NABOKV-L post 0026407, Mon, 31 Aug 2015 15:11:58 -0300

Vegetarian Kinbote's appositives...
A recent dismally uncomfortable event led me to search after quotes related
to Kinbote, his nicknames and associated terms, particularly king-bot and
king-sized botfly, in search of a funny dimension or comment.
I selected the one below (accessible at Zembla's "Criticism" section),
relative to a Shadean reading as suggested by Brian Boyd. However, there was
no comedy in sight.

Shade and Shape in Pale Fire by Brian Boyd

"During the poem, discussing his time at a lay Institute of Preparation for
the Hereafter, Shade says that in death he is "ready to become a floweret /
Or a fat fly, but never, to forget." (P.523-34, 52-53) Now Sybil Shade calls
Kinbote "an elephantine tick; a king-sized botfly; a macaco worm;10 the
monstrous parasite of a genius" (C.247, 171-72), while Botkin in the index
is "American scholar of Russian descent . . . ; king-bot, maggot of extinct
fly that once bred in mammoths and is thought to have hastened their
phylogenetic end." (I.306)11 Kinbote is flamboyantly homosexual, or what his
most homophobic foe calls "Quite the fancy pansy" (C.894, 268); of all the
flowers and "flowerets" in the English language there are only two that end
"-et," "bluet" and the much more common "violet," which happens to be the
first rhyme-word of the first couplet in the verse paragraph that includes
"floweret" (also placed as the first rhyme-word of its couplet)[ ]
In Ada, Nabokov has Van pointedly and vindictively associate the names of
violets (pansies) with the homosexual Captain Tapper (I.42; 304-06, 600) and
clearly in Pale Fire too he has gone to a great deal of trouble to associate
Shade's "ready to become a floweret / Or a fat fly, but never, to forget"
with the homosexual Kinbote, that "king-sized botfly" so desperate that the
world shall never forget his "Zemblan" past.[ ] The firm outline and the
bright tint of what he evokes for Shade as "our blue inenubilable Zembla"
(C.991, 288), then, must be securely in place before Kinbote ever sights
Shade's azure imagery. Kinbote has not refashioned his Zembla to bring it in
line with Shade's poem./ The other option, that Kinbote has deftly stitched
poem and commentary together with gossamer verbal threads, does not in fact
account for such key connections as that between Shade's "ready to become a
floweret / Or a fat fly" and Sybil's calling Kinbote "a king-sized botfly"
and seems utterly at odds with all Kinbote's practice. Because of his
overblown egotism, he lacks self-control ("and damn that music!," "Dear
Jesus, do something" [C.47-48, 93]), and when he does something he considers
subtle he wastes no time in drawing it proudly to our attention."

The only thing that occurred to me was the fact that, despite Kinbote's
appositive descriptions being related to a voracious parasite of the flesh,
something must be amiss with the Sybillian or even Shade's wordplay since
its original's appetites, namely Kinbote's, are vegetarian! (most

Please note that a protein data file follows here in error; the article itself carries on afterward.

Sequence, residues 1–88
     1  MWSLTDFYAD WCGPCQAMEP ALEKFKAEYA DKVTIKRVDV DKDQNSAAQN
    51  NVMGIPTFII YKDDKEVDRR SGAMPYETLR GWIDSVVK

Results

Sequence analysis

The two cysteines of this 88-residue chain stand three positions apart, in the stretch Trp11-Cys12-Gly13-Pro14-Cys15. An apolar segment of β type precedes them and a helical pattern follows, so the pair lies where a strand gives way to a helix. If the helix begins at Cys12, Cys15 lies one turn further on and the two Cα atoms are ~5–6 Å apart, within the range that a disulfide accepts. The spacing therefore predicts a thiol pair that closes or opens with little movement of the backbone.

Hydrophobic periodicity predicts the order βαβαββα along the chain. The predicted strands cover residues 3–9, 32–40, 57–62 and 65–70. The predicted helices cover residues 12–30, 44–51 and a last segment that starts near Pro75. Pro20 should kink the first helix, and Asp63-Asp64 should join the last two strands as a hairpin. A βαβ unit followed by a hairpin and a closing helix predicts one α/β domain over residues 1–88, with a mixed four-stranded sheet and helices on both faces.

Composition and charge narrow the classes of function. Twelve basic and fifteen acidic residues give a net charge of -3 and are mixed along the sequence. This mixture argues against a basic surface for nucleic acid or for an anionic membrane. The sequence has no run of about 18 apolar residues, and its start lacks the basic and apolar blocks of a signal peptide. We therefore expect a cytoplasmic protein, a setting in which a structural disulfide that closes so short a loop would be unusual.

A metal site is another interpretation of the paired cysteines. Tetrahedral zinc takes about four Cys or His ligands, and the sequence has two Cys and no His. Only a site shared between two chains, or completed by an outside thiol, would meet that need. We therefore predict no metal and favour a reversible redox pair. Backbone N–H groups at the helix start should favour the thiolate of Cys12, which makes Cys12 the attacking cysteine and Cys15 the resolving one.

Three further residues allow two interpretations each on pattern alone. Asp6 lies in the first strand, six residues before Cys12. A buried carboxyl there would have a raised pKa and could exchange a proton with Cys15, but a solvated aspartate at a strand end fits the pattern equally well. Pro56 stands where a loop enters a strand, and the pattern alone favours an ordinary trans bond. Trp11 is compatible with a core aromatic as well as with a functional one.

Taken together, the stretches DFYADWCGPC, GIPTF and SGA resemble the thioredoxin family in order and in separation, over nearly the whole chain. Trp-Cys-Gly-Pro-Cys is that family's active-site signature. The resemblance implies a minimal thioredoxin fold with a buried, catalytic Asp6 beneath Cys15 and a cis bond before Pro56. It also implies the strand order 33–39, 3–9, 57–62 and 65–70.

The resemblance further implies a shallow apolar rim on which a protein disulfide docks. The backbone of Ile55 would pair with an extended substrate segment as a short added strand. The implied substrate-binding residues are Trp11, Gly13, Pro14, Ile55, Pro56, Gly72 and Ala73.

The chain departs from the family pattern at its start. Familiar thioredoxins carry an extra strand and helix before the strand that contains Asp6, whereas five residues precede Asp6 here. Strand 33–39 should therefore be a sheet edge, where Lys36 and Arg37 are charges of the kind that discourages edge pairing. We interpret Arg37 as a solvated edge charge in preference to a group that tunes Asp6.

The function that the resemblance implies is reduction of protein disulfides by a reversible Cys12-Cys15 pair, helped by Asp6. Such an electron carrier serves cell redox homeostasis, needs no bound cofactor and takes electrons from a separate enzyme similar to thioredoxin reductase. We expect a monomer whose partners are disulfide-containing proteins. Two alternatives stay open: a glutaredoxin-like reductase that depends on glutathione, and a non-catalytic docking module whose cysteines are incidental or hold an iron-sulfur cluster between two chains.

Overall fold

insistently so, btw).*

Cf. In Pale Fire:

"His laconic suggestion that I "try the pork" amused me. I am a strict
vegetarian, and I like to cook my own meals. Consuming something that had
been handled by a fellow creature was, I explained to the rubicund convives,
as repulsive to me as eating any creature, and that would include - lowering
my voice - the pulpous pony-tailed girl student who served us and licked her
pencil. Moreover, I had already finished the fruit brought with me in my
briefcase, so I would content myself, I said, with a bottle of good college
ale. My free and simple demeanor set everybody at ease. The usual questions
were fired at me about eggnogs and milkshakes being or not being acceptable
to one of my persuasion. Shade said that with him it was the other way
around: he must make a definite effort to partake of a vegetable. Beginning
a salad, was to him like stepping into sea water on a chilly day, and he had
always to brace himself in order to attack the fortress of an
"When the fallen tyrant is tied, naked and howling, to a plank in the public
square and killed piecemeal by the people who cut slices out, and eat them,
and distribute his living body among themselves (as I read when young in a
story about an Italian despot, which made of me a vegetarian for life),
Gradus does not take part in the infernal sacrament: he points out the right
instrument and directs the carving."(n.171)
"The date of my third and last meal at the Shades is not entered in my
little book but I know it was one morning in June when I brought over a
beautiful plan I had drawn of the King's Palace in Onhava with all sorts of
heraldic niceties, and a touch of gold paint that I had some trouble in
obtaining, and was graciously urged to stay for an impromptu lunch. I should
add that, despite my protests, at all three meals my vegetarian limitations
of fare were not taken into account, and I was exposed to animal matter in,
or around, some of the contaminated greens I might have deigned to taste. I
revanched myself rather neatly. Of a dozen or so invitations that I
extended, the Shades accepted just three. Every one of these meals was built
around some vegetable that I subjected to as many exquisite metamorphoses as
Parmentier had his pet tuber undergo. Every time I had but one additional
guest to entertain Mrs. Shade (who, if you please - thinning my voice to a
feminine pitch - was allergic to artichokes, avocado pears, African acorns -
in fact to everything beginning with an "a"). I find nothing more conducive
to the blunting of one's appetite than to have none but elderly persons
sitting around one at table, fouling their napkins with the disintegration
of their make-up, and surreptitiously trying, behind noncommittal smiles, to
dislodge the red-hot torture point of a raspberry seed from between false
gum and dead gum." 9n.579)

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